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French Silk Pie Domes

Dome molds seem to be growing in popularity lately. You can use them to make domes or spheres using cake or chocolate or mousse. There are a multitude of combinations that the dome molds can be used for, so I needed to try them. I found a set of three silicon molds of different sizes on Amazon.

I wasn’t sure what my first experiment in the molds was going to be until I realized that Pi Day was coming up and I was planning on making a French silk pie anyway. Why not put it in a dome?

This creation resulted in two new challenges:

  1. Cutting out shapes from an Oreo pie crust
  2. Tempering chocolate without the aid of a chocolatier.

First things first. I had to find out whether my circle cookie cutter was going to be the right size. The circular disks of pie crust needed to fit within the sphere so that they would be covered. They ended up being a perfect fit for the largest mold! Now, it was on to pie!

I decided to use the French silk pie recipe I had made previously. It worked out really well and seemed like it would be a good fit for this experiment.

The crust was prepared following the recipe and instead of placing it into a pie dish, it was pressed out onto a parchment-covered baking sheet. I didn’t press it out too thin since I wasn’t sure how much the crust would break to begin with, but this crust held up pretty well and I definitely recommend pressing it out so that it’s not too thick. The thickness of my disks resulted in the crust being difficult to cut through with a fork. The crust was easy to work with after it had cooled a bit but wasn’t at the point of being completely cool. The butter was still soft, making the surface workable, but not so tough and crunch that it broke. Using the cookie cutter as you would with sugar cookie dough, I was able to get several disks out of the sheet. The leftover pie crust worked well as either a snack or was crumbled to use as a topping.

 

Setting the disks aside, it was time to try my hand at the chocolate domes. For this round of tempering, I used Baker’s milk chocolate baking bars. Now, tempering chocolate is a very frustrating process until you learn how the chocolate you’re using works. Even then, things like temperature and humidity (i.e., the weather that day) can destroy your process. Other details, like the % cocoa, the type of chocolate (milk vs. dark vs. white vs. semi-sweet, etc.), and the brand of chocolate all impact the way the chocolate behaves and the temperatures it prefers for tempering. In 2017, I took part in a tempering class offered by a local shop, The Secret Chocolatier. The class was fun and very informative and they send us home with treats we had made and notes for when we wanted to try this on our own. My notes sat in my binder for two years before I decided to try tempering again. I decided to use the temperatures on the notes as a guide, a place to start, since they had worked well before. The chocolate we tempered in class was a darker chocolate whereas the one I was tempering was milk chocolate, so I wasn’t expecting it to turn out perfectly.

To temper the chocolate, I broke apart two 4 oz. bars of Baker’s chocolate. This would give me enough to melt and enough to use as seed. I prepped my double boiler by adding a 1/2″ of water to the bottom and set the stove temperature so that the water was barely simmering. To melt the chocolate, I placed 1.5 bars into a metal bowl and placed that on top of the simmering pot. It didn’t take long for my thermometer to show me that I had the heat up too high as the temperature zoomed past the 115°F I was aiming for. Note: the process I am about to describe is not how to temper chocolate. Typically, if the temperature gets too high, it’s best to scrap the chocolate and start over. I decided to cool it back down and reheat it. After adjusting the burner temperature to low/medium-low, I placed the bowl back over the pot and got the chocolate heated to 115°F. Removing the bowl from the pot and placing it on a pot holder on the counter, I stirred the chocolate until it reached 88°F. Then, I added a piece or two of the remaining chocolate. This was error number 3. I had misread my notes from the chocolatier on when to add the seed. As soon as I realized my mistake, I popped the bowl back on top of the pot to reheat the chocolate to 115°F. Even when you temper correctly, there can still be a lot of this back and forth, so it’s always good to have extra seed chocolate on-hand. After getting the chocolate back up to 115°F, the bowl went back to the pot holder and, this time, I added a piece of seed chocolate immediately while stirring. The seed chocolate helps to bring the temperature down and get the crystals in the sugar to play nice. After adding two pieces of seed chocolate and stirring, the chocolate reached 88°F. It was time to pop the bowl back on the pot for a very brief stint to get the chocolate heated up to 90°F. After hitting that temp, the bowl was removed once more and the chocolate was ready to be placed into the molds.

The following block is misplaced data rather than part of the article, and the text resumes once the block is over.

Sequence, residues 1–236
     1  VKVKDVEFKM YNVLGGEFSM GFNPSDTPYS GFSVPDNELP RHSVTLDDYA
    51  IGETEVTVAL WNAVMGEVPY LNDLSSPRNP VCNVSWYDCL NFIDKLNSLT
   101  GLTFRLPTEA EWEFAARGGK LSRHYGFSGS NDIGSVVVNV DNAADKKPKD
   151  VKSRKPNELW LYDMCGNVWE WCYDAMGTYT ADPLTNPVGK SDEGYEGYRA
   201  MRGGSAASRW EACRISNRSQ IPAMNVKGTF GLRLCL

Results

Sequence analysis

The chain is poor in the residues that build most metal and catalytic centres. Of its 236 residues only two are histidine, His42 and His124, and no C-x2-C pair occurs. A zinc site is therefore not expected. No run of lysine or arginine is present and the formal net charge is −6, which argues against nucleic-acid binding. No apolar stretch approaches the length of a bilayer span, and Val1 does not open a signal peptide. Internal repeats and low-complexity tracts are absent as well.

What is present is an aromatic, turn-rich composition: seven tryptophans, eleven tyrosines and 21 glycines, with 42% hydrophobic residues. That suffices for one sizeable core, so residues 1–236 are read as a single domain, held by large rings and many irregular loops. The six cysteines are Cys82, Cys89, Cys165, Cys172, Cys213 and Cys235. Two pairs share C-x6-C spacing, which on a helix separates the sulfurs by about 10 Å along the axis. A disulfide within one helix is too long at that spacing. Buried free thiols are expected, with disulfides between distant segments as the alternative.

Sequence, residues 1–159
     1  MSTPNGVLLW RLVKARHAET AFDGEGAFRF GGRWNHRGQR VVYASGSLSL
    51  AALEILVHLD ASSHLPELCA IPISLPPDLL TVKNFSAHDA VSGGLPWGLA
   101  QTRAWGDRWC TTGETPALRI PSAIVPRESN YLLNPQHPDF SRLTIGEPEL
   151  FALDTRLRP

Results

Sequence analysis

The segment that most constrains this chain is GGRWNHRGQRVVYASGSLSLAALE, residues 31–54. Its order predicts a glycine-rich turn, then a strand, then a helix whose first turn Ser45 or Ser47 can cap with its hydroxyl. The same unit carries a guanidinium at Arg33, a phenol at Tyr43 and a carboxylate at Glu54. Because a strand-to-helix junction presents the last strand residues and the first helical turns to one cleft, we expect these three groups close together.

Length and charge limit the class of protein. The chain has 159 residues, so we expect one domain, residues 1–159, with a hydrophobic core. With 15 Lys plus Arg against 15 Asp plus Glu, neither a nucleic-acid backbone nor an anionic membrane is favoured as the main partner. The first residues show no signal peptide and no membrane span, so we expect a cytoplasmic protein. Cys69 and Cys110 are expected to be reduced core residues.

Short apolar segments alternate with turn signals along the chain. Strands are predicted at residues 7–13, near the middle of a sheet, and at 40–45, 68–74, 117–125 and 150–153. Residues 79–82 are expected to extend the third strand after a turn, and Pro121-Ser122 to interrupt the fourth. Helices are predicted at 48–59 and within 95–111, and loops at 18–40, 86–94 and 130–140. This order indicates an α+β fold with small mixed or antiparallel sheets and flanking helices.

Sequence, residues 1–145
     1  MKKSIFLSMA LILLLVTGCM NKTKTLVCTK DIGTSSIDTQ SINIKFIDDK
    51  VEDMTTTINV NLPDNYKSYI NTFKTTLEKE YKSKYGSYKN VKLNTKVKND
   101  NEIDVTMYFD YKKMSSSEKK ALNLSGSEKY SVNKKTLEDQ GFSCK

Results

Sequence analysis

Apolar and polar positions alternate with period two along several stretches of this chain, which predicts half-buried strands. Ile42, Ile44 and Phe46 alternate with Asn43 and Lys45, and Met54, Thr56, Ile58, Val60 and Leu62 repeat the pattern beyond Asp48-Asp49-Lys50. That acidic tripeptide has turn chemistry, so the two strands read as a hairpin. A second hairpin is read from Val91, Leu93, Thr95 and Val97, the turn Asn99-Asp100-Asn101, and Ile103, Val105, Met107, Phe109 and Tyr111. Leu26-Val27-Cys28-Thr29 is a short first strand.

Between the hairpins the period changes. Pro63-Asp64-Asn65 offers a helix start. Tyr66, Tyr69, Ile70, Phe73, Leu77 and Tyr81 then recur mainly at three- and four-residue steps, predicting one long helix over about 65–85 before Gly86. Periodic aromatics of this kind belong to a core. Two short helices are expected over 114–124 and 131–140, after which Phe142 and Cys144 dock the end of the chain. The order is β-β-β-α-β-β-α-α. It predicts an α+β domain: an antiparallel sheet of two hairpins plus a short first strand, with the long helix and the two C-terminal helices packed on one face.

Chocolate tempering prep
Melting chocolate and seed chocolate for tempering

At first, I tried using a silicon pastry brush I had on hand to paint the molds with chocolate. The chocolate and the brush did not get along. I have seen others use a paint brush instead of silicon to do this, so I will be looking into getting a small one of those for food purposes and future chocolate experiments. Since the brushing technique was not working, I used a spoon to place a good amount of chocolate in each sphere and rub the chocolate on the sides. Then, by lifting and tilting the mold, I worked on getting as even a coating as I could. Once satisfied, I turned the mold upside down to let the extra chocolate drip out (be sure to do this over a baking sheet or paper towel or some other surface that is the length of your mold). Once there was no chocolate pooled in the bottom of the mold, I set the mold aside to let the chocolate set. In my excitement, I used the rest of my melted chocolate to make solid chocolates in the smaller sphere mold. Only after I had started cleaning up did I remember that I should have probably saved some of that chocolate to re-temper and add a second or third coat to the large spheres so that they weren’t too thin. Since this was a rough draft, I decided to see how the thin spheres played out and made a note to make them thicker next time.